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Only part of the string is getting decrypted, i think it has to do with my encoding.

Here is what happens:

        string s = "The brown fox jumped over the green frog";
        string k = "urieurut";
        string enc = EncryptString(s, k);
        string dec = DecryptString(enc, k);

The RESULT is this: The brown fox juϼ㴘裴혽Ή⪻ㆉr th≸ g⟤een frog

public static string EncryptString(string stringToEncrypt, string encryptionKey)
{
    string encrypted = String.Empty;

    UnicodeEncoding UE = new UnicodeEncoding();
    byte[] key = UE.GetBytes(encryptionKey);

    RijndaelManaged RMCrypto = new RijndaelManaged();
    MemoryStream ms = new MemoryStream();
    CryptoStream cs = new CryptoStream(ms, RMCrypto.CreateEncryptor(key, key), CryptoStreamMode.Write);

    byte[] encryptedString = UE.GetBytes(stringToEncrypt);
    cs.Write(encryptedString, 0, encryptedString.Length);
    cs.FlushFinalBlock();
    cs.Close();

    encrypted = UE.GetString(ms.ToArray());
    return encrypted;
}

public static string DecryptString(string stringToDecrypt, string encryptionKey)
{
    string decrypted = String.Empty;

    UnicodeEncoding UE = new UnicodeEncoding();
    byte[] key = UE.GetBytes(encryptionKey);
    byte[] data = UE.GetBytes(stringToDecrypt);

    RijndaelManaged RMCrypto = new RijndaelManaged();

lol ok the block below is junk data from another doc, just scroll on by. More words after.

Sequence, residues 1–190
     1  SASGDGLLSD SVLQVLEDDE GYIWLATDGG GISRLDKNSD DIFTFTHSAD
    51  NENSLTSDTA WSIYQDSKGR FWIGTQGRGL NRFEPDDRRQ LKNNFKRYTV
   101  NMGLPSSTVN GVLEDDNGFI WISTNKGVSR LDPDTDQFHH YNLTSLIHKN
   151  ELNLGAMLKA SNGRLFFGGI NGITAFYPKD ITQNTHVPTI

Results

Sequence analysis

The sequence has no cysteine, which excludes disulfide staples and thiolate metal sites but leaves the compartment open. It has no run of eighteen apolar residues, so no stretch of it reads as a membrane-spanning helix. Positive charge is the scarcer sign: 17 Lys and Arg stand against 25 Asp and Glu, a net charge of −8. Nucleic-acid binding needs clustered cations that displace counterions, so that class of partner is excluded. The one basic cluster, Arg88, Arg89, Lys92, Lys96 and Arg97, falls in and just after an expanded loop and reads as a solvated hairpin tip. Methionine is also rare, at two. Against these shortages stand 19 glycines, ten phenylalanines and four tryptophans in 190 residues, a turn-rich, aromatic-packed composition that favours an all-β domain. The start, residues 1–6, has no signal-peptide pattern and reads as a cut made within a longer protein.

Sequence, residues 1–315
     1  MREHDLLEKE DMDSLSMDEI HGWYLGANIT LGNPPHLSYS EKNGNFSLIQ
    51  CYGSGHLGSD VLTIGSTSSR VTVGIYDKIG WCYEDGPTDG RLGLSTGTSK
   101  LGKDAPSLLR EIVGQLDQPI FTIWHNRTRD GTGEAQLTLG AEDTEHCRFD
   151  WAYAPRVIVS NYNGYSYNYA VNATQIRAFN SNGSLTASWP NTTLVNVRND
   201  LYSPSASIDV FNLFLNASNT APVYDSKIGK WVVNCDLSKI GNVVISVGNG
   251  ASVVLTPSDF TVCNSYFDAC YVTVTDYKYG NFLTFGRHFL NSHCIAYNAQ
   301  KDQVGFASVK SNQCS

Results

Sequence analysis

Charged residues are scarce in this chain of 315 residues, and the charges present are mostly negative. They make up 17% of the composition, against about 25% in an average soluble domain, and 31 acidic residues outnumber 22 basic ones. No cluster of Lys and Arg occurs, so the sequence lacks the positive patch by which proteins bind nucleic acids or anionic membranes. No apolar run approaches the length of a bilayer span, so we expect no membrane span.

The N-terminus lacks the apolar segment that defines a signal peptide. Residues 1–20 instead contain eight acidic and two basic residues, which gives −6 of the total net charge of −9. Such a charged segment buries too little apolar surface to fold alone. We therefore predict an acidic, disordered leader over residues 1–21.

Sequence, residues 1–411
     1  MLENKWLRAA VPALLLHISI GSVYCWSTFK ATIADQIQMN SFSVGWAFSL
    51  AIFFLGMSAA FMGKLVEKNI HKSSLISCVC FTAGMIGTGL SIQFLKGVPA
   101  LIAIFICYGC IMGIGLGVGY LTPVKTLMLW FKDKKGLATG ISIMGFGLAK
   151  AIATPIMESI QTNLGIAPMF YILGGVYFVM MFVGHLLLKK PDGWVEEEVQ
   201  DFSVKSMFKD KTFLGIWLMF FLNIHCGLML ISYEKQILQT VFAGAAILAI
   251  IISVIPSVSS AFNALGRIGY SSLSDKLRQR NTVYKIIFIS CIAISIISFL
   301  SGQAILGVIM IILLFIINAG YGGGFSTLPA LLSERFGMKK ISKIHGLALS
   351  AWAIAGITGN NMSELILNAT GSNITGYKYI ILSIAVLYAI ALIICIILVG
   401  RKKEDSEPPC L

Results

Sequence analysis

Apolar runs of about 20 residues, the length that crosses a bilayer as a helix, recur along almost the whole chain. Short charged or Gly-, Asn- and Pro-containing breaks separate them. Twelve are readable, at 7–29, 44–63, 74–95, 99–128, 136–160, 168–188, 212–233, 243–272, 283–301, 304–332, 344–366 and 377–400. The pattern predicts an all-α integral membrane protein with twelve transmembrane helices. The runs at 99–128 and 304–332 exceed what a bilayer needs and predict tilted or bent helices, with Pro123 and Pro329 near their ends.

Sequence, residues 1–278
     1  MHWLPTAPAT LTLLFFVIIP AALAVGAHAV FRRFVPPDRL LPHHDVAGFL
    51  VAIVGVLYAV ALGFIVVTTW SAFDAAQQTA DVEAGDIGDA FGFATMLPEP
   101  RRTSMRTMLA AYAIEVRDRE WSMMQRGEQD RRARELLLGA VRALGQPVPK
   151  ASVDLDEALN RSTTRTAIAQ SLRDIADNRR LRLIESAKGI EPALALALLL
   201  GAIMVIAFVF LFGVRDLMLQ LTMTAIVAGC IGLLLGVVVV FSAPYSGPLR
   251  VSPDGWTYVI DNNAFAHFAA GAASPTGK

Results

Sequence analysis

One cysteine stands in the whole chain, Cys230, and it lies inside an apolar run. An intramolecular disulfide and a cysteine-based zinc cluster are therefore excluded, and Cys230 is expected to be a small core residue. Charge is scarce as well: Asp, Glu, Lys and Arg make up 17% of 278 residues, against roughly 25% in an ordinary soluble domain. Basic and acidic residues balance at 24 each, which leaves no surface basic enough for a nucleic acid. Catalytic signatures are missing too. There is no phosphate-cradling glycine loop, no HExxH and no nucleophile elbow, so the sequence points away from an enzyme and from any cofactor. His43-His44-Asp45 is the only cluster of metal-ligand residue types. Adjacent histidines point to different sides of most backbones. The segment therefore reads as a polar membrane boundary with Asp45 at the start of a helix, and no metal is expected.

MemoryStream ms = new MemoryStream();
    CryptoStream cs = new CryptoStream(ms, RMCrypto.CreateDecryptor(key, key), CryptoStreamMode.Write);
    cs.Write(data, 0, data.Length);
    cs.FlushFinalBlock();
    cs.Close();

    decrypted = UE.GetString(ms.ToArray());

    return decrypted;
}
share|improve this question
    
Wow cool... I see broken Korean in the result... –  code4life Jun 4 '10 at 21:51
    
Yea i started to wonder if North Korea was bustin my stuff. –  schmoopy Jun 7 '10 at 13:20

3 Answers 3

Here you go:

    string s = "The brown fox jumped over the green frog";
    string k = "urieurut";
    byte[] enc = EncryptString(s, k);
    string dec = DecryptString(enc, k);

You can't attempt to interpret an encrypted bunch of bytes as a Unicode string. Keep them as bytes. The decrypted version can be converted back to string.

Also note the disposing of disposable objects below. You could wind up with some resources being held too long or leak if you don't release them properly with using() or Dispose().

public static byte[] EncryptString(string stringToEncrypt, string encryptionKey)
{
    UnicodeEncoding UE = new UnicodeEncoding();
    byte[] key = UE.GetBytes(encryptionKey);

    using (RijndaelManaged RMCrypto = new RijndaelManaged())
    using (MemoryStream ms = new MemoryStream())
    using (ICryptoTransform encryptor = RMCrypto.CreateEncryptor(key, key))
    using (CryptoStream cs = new CryptoStream(ms, encryptor, CryptoStreamMode.Write))
    {
        byte[] encryptedString = UE.GetBytes(stringToEncrypt);
        cs.Write(encryptedString, 0, encryptedString.Length);
        cs.FlushFinalBlock();
        return ms.ToArray();
    }
}

public static string DecryptString(byte[] stringToDecrypt, string encryptionKey)
{
    UnicodeEncoding UE = new UnicodeEncoding();
    byte[] key = UE.GetBytes(encryptionKey);

    using (RijndaelManaged RMCrypto = new RijndaelManaged())
    using (MemoryStream ms = new MemoryStream())
    using (ICryptoTransform decryptor = RMCrypto.CreateDecryptor(key, key))
    using (CryptoStream cs = new CryptoStream(ms, decryptor, CryptoStreamMode.Write))
    {
        cs.Write(stringToDecrypt, 0, stringToDecrypt.Length);
        cs.FlushFinalBlock();
        return UE.GetString(ms.ToArray());
    }
}
share|improve this answer
1